In His sermon on the mount in Mathew:5, which was a manifesto of sorts, Jesus set a high standard which Christians should always refer to. It was not a blueprint for Christians to abdicate their civic obligations. However, the Church in Uganda risks having her image tainted by deeds of the selfish leaders she actively perpetuates in power.
The dawn of 2010 was marked by a number of overnight prayers, held mostly by balokole (Pentecostal) churches. In some of these gatherings, like the one held at Namboole Stadium, resolutions and pronouncements were made to denounce and condemn vices such as corruption, immorality and child sacrifice.
While I agree with the stand taken by church leaders, my bone of contention is with the inconsistency and double standards of these leaders. Many of these so-called heads of Pentecostal churches are wont to be partisans whenever presidential elections come round.
Granted, it is the civic duty of Christians to participate in election processes, especially the voting exercise. It is inappropriate though, to countenance church leaders using their pedestal as a mouthpiece for fallible politicians in the name of Christians.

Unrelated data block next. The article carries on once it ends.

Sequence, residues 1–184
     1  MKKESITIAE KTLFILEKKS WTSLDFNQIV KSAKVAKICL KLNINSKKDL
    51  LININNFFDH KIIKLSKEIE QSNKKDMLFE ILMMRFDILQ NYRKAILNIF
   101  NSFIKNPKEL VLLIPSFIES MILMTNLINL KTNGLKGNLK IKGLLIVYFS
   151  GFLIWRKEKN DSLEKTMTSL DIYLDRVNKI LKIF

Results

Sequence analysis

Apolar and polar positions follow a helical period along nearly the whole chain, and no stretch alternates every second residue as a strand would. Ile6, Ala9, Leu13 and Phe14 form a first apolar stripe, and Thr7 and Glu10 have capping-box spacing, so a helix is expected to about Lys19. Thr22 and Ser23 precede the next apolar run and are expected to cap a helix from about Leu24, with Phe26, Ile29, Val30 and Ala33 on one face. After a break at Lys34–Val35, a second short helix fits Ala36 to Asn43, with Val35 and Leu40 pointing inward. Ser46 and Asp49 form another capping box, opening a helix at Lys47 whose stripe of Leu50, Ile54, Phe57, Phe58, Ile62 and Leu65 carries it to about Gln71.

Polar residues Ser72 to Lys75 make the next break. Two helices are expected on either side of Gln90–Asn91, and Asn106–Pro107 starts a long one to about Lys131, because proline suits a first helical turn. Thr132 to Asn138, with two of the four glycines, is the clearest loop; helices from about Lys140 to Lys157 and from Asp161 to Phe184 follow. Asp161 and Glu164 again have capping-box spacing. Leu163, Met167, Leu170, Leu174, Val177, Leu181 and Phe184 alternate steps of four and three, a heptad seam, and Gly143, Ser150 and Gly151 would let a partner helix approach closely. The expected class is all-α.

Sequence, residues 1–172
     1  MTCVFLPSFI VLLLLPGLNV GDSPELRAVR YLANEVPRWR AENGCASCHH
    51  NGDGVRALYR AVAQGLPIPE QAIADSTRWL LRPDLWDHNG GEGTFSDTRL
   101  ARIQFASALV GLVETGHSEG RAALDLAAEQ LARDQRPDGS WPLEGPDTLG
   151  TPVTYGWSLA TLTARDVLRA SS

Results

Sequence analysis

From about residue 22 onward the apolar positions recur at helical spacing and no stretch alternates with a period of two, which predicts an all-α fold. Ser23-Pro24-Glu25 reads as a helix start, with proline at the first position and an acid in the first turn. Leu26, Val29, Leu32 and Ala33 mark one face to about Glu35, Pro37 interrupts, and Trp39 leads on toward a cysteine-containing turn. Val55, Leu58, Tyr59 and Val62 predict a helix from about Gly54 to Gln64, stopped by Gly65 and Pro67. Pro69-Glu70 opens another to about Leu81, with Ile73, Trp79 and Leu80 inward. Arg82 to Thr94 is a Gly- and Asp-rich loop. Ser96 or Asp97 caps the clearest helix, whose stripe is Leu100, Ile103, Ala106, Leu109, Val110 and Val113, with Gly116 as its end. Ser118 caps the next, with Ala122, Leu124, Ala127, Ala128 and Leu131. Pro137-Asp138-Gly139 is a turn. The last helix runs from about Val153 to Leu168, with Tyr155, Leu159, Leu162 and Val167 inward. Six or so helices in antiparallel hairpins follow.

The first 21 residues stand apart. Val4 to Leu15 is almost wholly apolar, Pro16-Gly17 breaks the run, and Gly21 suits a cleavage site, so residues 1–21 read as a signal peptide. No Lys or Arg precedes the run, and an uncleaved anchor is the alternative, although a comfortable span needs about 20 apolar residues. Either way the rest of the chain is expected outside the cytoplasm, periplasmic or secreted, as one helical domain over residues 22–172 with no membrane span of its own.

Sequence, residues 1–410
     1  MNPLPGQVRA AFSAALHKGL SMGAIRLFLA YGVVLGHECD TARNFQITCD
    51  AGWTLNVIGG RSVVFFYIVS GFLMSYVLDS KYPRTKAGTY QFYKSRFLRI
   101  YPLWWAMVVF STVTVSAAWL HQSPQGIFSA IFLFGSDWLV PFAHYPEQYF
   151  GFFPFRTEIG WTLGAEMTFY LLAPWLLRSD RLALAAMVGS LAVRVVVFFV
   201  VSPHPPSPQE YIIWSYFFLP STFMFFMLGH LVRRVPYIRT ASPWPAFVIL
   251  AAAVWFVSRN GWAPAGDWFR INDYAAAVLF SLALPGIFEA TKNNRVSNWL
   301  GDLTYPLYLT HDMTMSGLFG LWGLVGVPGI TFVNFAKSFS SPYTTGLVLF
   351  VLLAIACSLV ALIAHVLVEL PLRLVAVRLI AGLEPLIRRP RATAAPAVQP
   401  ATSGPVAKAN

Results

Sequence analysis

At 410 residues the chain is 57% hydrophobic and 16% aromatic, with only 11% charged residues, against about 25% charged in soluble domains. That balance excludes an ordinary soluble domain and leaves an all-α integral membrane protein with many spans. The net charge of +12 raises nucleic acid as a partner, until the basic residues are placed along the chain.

We are sometimes forced to wonder whether the pastors are fostering their personal agendas or God’s. I think they are better off keeping their right to political ideology to themselves as long as it does not blend with Christian values in Uganda.
Evangelist Billy Graham is known to have been a counsellor to many US presidents. Unlike the sycophantic neo-conservative religious-right pastors in America, his integrity is kept intact by not hobnobbing with politicians on the campaign trail.
Christians have been given the Holy Spirit to guide them in all matters. God gave the human species a complete package consisting of a mind, will and emotion capable of freewill and free thinking.
This year is regarded by many as an election year and some opinion leaders in the church assume that Christians should always vote as a block. I find this notion erroneously generic and Christians should be wary of dubious pastors who exploit this assumption.
Rather than striving to win political favours, Christian leaders should use their influence to prevail on perpetrators of vices like graft in government. Or else, their New Year pronouncements will merely become hollow high-sounding hogwash.